£19.99 | $35.95
7 July 2011
216mm x 138mm
Gender and Sexuality
Anthropology, Cultural Studies, Geography, Human Rights, International Relations, Middle East, Gender and Sexuality, Asia
Introducing a social justice and human rights perspective
Aisha K. Gill & Sundari Anitha (eds.)
Forced Marriage: Introducing a social justice and human rights perspective brings together leading practitioners and researchers from the disciplines of criminology, sociology and law. Together the contributors provide an international, multi-disciplinary perspective that offers a compelling alternative to prevailing conceptualisations of the problem of forced marriage. The volume examines advances in theoretical debates, analyses existing research and presents new evidence that challenges the cultural essentialism that often characterises efforts to explain, and even justify, this violation of women's rights. By locating forced marriage within broader debates on violence against women, social justice and human rights, the authors offer an intersectional perspective that can be used to inform both theory and practical efforts to address violence against diverse groups of women. This unique book, which is informed by practitioner insights and academic research, is essential reading for practitioners and students of sociology, criminology, gender studies and law.
'Avoiding the polemic that characterises much discourse on forced marriage, this wide-ranging but coherent collection is not only a significant addition to the academic literature, it provides valuable insights for those working on the frontline supporting girls and women at risk. The writers here recognise the difficult balancing act involved in identifying the specificities of forced marriage without reinforcing cultural stereotypes, and the debates in this volume range from the theoretical level to concrete recommendations for policy makers and women's organisations. This volume will help ensure that policy in the UK and Europe frames forced marriage as the human rights abuse that it is rather than a problematic cultural practice divorced from 'mainstream' forms of violence against women and girls.' - Dr Moira Dustin, Visiting Fellow, LSE Gender Institute
'In this important addition to knowledge, academics and lawyers extend our understanding of forced marriage, locating it in the continuum of gender based violence against women whilst outlining its particularities, including the myriad pressures on women at entry, during and on exit from marriage. Revealing and challenging analyses identify the traps of culturalised policies, whilst simultaneously noting the constrained agency of minoritised women. It is a must for anyone who cares about gender equality and human rights.' - Professor Liz Kelly, London Metropolitan University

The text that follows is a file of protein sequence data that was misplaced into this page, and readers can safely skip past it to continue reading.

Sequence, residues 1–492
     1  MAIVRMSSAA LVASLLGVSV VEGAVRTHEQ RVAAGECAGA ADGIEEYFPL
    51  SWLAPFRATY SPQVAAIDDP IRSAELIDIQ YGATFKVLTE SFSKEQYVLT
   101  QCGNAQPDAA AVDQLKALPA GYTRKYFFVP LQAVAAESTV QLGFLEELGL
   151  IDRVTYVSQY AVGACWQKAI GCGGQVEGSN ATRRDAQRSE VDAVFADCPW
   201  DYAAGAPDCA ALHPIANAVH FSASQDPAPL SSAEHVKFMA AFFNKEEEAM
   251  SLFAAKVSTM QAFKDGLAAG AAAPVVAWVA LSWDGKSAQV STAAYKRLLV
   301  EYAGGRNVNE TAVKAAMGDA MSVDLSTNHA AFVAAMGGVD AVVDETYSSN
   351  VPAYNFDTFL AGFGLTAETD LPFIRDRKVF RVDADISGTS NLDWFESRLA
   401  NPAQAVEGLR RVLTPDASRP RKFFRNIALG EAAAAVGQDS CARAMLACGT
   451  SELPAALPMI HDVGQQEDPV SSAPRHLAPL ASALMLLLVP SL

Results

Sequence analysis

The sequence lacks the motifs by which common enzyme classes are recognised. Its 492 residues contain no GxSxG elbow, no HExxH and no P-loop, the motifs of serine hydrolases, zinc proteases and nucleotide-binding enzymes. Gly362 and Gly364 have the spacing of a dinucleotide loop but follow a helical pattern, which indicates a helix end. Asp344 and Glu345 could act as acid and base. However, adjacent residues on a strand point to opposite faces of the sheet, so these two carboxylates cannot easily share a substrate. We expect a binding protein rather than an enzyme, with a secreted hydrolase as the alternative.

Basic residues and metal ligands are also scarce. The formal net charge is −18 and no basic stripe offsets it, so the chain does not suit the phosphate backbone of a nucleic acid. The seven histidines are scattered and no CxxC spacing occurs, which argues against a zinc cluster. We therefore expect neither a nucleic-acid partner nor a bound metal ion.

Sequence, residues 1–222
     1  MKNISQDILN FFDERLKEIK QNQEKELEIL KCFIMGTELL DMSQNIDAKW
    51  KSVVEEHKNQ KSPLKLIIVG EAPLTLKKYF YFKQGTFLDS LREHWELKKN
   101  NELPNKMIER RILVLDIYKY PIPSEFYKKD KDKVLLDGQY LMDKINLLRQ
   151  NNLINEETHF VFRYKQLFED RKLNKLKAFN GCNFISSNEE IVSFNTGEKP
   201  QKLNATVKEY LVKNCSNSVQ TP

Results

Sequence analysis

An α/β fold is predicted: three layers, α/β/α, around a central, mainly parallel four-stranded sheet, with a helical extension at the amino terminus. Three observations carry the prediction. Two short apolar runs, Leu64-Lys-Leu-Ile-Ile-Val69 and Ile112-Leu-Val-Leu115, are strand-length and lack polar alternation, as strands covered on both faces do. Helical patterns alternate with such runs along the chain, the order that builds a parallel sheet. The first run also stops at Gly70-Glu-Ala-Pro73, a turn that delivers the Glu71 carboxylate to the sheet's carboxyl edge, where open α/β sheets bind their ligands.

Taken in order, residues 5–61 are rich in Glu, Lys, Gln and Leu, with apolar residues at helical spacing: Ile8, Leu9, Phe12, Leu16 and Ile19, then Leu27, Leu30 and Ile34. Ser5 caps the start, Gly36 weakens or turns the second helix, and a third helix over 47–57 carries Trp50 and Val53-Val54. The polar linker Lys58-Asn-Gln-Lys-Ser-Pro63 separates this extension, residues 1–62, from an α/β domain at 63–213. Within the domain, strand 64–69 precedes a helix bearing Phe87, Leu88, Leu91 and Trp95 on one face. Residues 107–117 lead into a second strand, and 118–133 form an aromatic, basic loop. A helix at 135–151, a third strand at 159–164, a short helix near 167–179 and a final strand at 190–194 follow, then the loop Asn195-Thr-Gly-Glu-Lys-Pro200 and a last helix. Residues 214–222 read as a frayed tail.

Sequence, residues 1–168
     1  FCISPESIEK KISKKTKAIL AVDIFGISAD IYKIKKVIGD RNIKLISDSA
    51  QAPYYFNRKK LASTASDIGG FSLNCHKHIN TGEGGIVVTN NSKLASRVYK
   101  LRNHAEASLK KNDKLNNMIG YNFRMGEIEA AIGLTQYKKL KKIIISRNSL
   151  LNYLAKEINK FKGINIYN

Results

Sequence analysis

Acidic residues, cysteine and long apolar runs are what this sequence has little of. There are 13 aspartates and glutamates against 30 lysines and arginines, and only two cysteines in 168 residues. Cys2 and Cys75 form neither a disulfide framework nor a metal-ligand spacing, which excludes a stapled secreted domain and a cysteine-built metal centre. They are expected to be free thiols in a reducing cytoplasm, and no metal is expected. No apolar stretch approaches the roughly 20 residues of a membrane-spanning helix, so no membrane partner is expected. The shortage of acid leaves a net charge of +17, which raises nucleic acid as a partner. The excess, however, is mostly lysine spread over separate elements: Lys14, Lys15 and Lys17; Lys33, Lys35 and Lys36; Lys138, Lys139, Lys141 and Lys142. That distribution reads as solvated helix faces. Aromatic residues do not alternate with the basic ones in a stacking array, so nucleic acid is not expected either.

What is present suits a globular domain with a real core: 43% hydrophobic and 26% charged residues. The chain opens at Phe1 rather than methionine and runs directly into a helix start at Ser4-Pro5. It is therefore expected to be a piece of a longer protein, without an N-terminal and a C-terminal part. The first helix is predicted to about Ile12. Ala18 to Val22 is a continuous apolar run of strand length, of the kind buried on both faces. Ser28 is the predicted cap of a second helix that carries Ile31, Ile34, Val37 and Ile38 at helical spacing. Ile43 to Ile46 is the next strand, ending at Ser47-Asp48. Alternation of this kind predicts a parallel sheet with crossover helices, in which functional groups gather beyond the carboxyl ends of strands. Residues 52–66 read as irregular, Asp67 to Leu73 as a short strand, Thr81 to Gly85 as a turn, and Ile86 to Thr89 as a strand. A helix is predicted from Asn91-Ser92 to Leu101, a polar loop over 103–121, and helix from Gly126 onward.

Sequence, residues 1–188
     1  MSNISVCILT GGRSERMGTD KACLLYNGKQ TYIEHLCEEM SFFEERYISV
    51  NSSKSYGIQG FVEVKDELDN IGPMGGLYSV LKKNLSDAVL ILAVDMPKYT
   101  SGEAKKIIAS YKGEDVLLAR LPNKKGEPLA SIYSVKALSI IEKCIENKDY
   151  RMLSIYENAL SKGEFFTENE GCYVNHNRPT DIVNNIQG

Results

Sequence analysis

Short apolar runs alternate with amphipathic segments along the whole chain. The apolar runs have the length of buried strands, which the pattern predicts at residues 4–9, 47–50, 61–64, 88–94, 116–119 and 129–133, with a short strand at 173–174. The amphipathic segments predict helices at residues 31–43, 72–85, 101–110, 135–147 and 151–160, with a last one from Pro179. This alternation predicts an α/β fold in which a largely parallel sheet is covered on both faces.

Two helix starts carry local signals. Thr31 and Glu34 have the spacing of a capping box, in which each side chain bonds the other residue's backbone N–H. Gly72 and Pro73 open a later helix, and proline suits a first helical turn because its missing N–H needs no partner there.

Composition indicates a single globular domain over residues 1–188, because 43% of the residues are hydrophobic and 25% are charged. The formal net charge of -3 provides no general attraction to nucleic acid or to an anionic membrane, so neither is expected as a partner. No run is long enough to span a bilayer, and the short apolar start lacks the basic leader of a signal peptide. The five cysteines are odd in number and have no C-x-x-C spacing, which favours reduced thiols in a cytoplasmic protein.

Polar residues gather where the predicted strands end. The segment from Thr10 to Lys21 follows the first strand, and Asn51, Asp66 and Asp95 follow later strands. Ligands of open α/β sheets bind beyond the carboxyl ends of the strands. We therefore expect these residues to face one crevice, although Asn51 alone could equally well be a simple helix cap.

'This challenging, innovative and much-needed book on forced marriage brings together most of the main writers, researchers and activists in the field. International in scope, it is the first-ever book of its type in the UK and will be key in the field for years to come.' - Gill Hague, Professor of Violence Against Women Studies Centre for Gender and Violence Research University of Bristol
Table of Contents
Foreword - Professor Yakin Erturk, Middle East Technical University, Ankara, Turkey
Introduction: Framing forced marriage as a form of violence against women - Aisha K. Gill and Sundari Anitha
Section 1: Definitions, contexts and theoretical concepts
1. Understanding forced marriage: Definitions and realities - Geetanjali Gangoli, Khatidja Chantler, Marianne Hester and Ann Singleton
2. Reconceptualising consent and coercion within an intersectional understanding of Forced Marriage - Sundari Anitha and Aisha K. Gill
3. Forced Marriage: The European Convention on Human Rights and the Human Rights Act 1998 - Shazia Choudhry
4. Border control to prevent forced marriages: Choosing between protecting women and protecting the nation - Anja Bredal
5. The social construction of forced marriage and its 'victim' in media coverage and crime policy discourses - Sundari Anitha and Aisha K. Gill
Section 2: Policy and Practice
6. Forced marriage legislation in the UK: A critique - Aisha K. Gill and Sundari Anitha
7. The law, the courts and their effectiveness - Teertha Gupta and Khatun Sapnara
8. The practice of law-making and the problem of forced marriage: What is the role of the Muslim Arbitration Tribunal? - Samia Bano
9. Constructing Victims, Construing Credibility: Forced marriage, Pakistani women and the UK asylum process - Marzia Balzani
10. 'Wayward Girls' and 'Well-Wisher Parents': Habeas Corpus, Women's Rights to Personal Liberty, Consent to Marriage and the Bangladeshi Courts - Sara Hossain
About the Authors:
Dr Aisha K. Gill is a Senior Lecturer in Criminology at Roehampton University. She has been involved in addressing the problem of Violence Against Women (VAW) at the grassroots and activist levels for the past thirteen years. She is currently an active member of 'End Violence Against Women' Coalition (EVAW) invited advisor to the Independent Police Complaints Commission (IPCC) strategic support group on investigations and complaints involving gendered forms of violence against women in the UK, and member of Kurdish Women's Rights Watch.
Dr Sundari Anitha is a Lecturer in Criminology at the School of Social Sciences, University of Lincoln. She previously worked as a manager in a Women's Aid refuge, is currently a trustee of a specialist refuge, Asha Projects and is active in campaigning and policy-making on violence against women.
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